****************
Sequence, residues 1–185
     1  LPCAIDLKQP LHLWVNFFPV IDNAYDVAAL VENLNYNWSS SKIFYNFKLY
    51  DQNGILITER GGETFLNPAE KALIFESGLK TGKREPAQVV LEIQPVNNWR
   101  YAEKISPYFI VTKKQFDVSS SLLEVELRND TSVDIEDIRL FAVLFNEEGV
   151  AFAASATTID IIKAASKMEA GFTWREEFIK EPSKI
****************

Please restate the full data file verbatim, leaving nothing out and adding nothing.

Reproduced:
Sequence, residues 1–185
     1  LPCAIDLKQP LHLWVNFFPV IDNAYDVAAL VENLNYNWSS SKIFYNFKLY
    51  DQNGILITER GGETFLNPAE KALIFESGLK TGKREPAQVV LEIQPVNNWR
   101  YAEKISPYFI VTKKQFDVSS SLLEVELRND TSVDIEDIRL FAVLFNEEGV
   151  AFAASATTID IIKAASKMEA GFTWREEFIK EPSKI